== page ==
The capacity of next-generation sequencing to provide an efficient, systemic study of entire cancer genomes has led to its adoption by large-scale cancer genomics projects around the world. Today, modern sequencing techniques are helping scientists identify rare cancer mutations, classify familial mutations, and isolate actionable cancer biomarkers that are candidates for newly developed treatments. However, researchers still need to overcome significant challenges to make next-generation sequencing a standard part of individual patient cancer care. For example, as sequencing technologies evolve, the goals are to simplify assays, shorten turnaround times, reduce costs, and allow for greater sensitivity and throughput flexibility. Additionally, to make sense of the vast quantities of data that genetic sequencing produces, bioinformatics specialists will need to increase the efficiency and precision of data analysis and interpretation. At M2GEN, we’re taking this challenge head on.

How M2GEN Leverages Next-Generation Genome Sequencing

At M2GEN, our Bioinformatics Support Services team has established a standardized, best-in-class next-generation sequencing analysis pipeline, which can include:

  • Tumor-Only RNA Sequencing (RNA-Seq T-Only) analysis
  •  Tumor-Only Whole Exome Sequencing (WES T-Only) analysis with Virtual Normal (VN) somatic mutation classification
  •  Paired Tumor and Germline Whole Exome Sequencing (WES T/G) analysis with Panel of Normals (PoN) filtering

To ensure our partners in academia and biopharmaceutical industries receive the most accurate analyses possible, we utilize one of the largest PoNs available for somatic mutation calling. This includes more than 20,000 germline samples to inform the segregation of somatic and germline variants to accurately identify recurrent sequencing artifacts. Additionally, we leverage up-to-date human genome reference (GRCh38/hg38) and gene build (Gencode V32) to ensure our pipeline analysis is WES and RNA-Seq capture kit agnostic.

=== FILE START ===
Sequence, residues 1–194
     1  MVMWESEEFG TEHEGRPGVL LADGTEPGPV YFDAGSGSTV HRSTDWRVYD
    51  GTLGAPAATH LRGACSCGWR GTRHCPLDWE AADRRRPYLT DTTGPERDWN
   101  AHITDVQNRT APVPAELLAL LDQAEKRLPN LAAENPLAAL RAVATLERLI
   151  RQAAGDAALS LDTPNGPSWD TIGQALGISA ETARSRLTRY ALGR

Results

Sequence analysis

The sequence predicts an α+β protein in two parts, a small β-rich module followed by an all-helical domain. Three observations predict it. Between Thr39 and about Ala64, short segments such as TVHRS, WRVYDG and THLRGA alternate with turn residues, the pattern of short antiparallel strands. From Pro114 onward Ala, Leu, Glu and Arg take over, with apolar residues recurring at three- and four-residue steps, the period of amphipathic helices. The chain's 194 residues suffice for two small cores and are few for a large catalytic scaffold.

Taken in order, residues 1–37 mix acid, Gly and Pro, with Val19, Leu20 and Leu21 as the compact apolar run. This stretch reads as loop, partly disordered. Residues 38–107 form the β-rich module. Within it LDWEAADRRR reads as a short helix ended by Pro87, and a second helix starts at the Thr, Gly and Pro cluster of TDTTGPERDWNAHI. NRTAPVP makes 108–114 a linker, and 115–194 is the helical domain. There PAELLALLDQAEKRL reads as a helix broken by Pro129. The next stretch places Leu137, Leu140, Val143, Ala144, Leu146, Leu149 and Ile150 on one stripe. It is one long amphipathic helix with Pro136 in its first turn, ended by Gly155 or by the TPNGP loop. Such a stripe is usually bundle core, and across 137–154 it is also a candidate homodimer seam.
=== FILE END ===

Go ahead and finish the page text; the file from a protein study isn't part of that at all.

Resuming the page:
Our bioinformatics solutions are designed for large-scale oncology and multi-omics research. In addition to molecular data from next-generation exome and RNA sequencing, our solutions include robust clinical information, providing complete pictures of different cancer types and clear insights into highly specific patient cohorts. From the discovery of actionable cancer biomarkers to the development of effective clinical trials, M2GEN’s bioinformatics tools and services allow researchers to dedicate more resources to discovery and less to data generation, analysis, and interpretation.

At M2GEN, we believe next-generation genome sequencing will continue to bring about invaluable insights in the effort to make personalized cancer management a reality for millions of patients worldwide. Contact us today to learn more about how our bioinformatics and computational biology experts are making the most of modern sequencing techniques and technologies to advance the study and treatment of cancer.